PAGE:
What is the role of the health system in ending violence against women

the health system in ending violence against women

The World Health Organization (WHO) reports that one out of every three women is subjected to physical or sexual violence and persecution

often by their husbands or accomplices

one of the most widespread and least widespread human rights violations

Despite the paucity of data, studies indicate that problems of gender-based violence are increasing alarmingly in emergency and humanitarian settings

In a recent study in Southern Sudan, for example

their husbands subjected more women to physical or sexual abuse, nearly other persons sexually assaulted a third of them

The impact of violence on women’s health

The effects of violence against women, both short and long-term, are large and highly impacted on their lives, both physical and psychological

Studies indicate that women who are exposed to violence are twice as likely to suffer depression as other women and are vulnerable to sexually transmitted infections More than a half times more than other women

In addition to the physical and psychological harm caused by violence against women

it also adversely affects children, both healthily and psychologically, and has adverse economic and social effects on families and communities

Women who subjected to violence and persecution seek health care for the problems resulting from this violence

but they often do not explain the causes of these problems, so it is important to ensure that qualified health care providers are able to provide the necessary health and psychological support, Safe for patients and their privacy

Providing women-centered care

It is necessary to rehabilitate health care providers to provide focused care about women’s physical and psychological health and safety, especially intense areas of the world

Women-centered care includes

Listen to and empathize with women

Not to make prejudices

Identify women’s needs and concerns

Facilitate women’s access to support and social welfare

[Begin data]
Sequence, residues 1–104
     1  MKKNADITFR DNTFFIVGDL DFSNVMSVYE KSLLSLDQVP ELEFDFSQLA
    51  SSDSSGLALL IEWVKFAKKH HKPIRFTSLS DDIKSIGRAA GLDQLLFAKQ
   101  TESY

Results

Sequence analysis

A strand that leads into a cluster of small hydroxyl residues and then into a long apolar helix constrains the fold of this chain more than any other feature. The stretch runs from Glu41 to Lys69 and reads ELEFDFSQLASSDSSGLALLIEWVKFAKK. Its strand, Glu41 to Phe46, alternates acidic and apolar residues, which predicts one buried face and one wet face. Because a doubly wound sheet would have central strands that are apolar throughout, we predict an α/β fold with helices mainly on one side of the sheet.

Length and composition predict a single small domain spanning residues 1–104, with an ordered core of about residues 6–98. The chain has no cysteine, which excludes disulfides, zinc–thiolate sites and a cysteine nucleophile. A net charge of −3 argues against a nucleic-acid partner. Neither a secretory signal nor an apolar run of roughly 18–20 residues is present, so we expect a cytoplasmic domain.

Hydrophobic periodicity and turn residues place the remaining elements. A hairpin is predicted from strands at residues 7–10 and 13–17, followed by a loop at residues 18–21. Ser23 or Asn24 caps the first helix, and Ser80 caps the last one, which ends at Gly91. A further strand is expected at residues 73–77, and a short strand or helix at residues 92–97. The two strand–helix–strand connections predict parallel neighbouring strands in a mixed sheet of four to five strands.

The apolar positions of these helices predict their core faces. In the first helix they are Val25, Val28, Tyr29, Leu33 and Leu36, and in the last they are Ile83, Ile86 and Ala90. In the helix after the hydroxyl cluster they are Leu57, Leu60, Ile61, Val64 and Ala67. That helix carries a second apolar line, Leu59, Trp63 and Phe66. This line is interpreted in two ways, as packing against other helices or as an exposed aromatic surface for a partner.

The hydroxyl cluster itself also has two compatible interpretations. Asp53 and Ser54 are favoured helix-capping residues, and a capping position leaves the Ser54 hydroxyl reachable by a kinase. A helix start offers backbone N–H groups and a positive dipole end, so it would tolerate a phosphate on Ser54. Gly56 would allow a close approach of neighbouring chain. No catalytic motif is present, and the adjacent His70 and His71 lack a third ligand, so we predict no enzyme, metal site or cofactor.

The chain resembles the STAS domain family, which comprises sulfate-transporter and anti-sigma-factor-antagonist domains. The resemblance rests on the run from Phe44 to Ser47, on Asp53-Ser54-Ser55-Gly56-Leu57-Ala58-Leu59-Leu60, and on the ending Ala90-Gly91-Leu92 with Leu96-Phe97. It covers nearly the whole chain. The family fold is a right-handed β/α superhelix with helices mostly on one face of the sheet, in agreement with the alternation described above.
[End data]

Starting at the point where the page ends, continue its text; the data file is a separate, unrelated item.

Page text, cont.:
The World Health Organization (WHO) is working to disseminate these guidelines and guidelines around the world, as more and more countries are adopting these methods to combat violence against women, as well as to reach countries suffering from conflict or disaster

Also in stress areas, such as Afghanistan, health care providers trained in collaboration with the Ministry of Health to deal with these cases and provide optimal health care to survivors of violence

In Myanmar, national programs are being set up to train medical service providers on how to deal with violence against women in hospitals

Health system and violence against women

On the International Day to Combat Violence against Women, the theme of this year was HearMeToo, to highlight the important role of health care providers in dealing with violence against women

The World Health Organization (WHO) points out the importance of knowing what health providers should do when a woman reported to have exposed to violence and that they are well aware and aware of the many problems that result from violence

The health system and its workers are an essential part of solving the problem of violence against women, working to address the problems of women and girls who are persecuted and heard, and informing them that the world, even in its darkest, is a safe place for them


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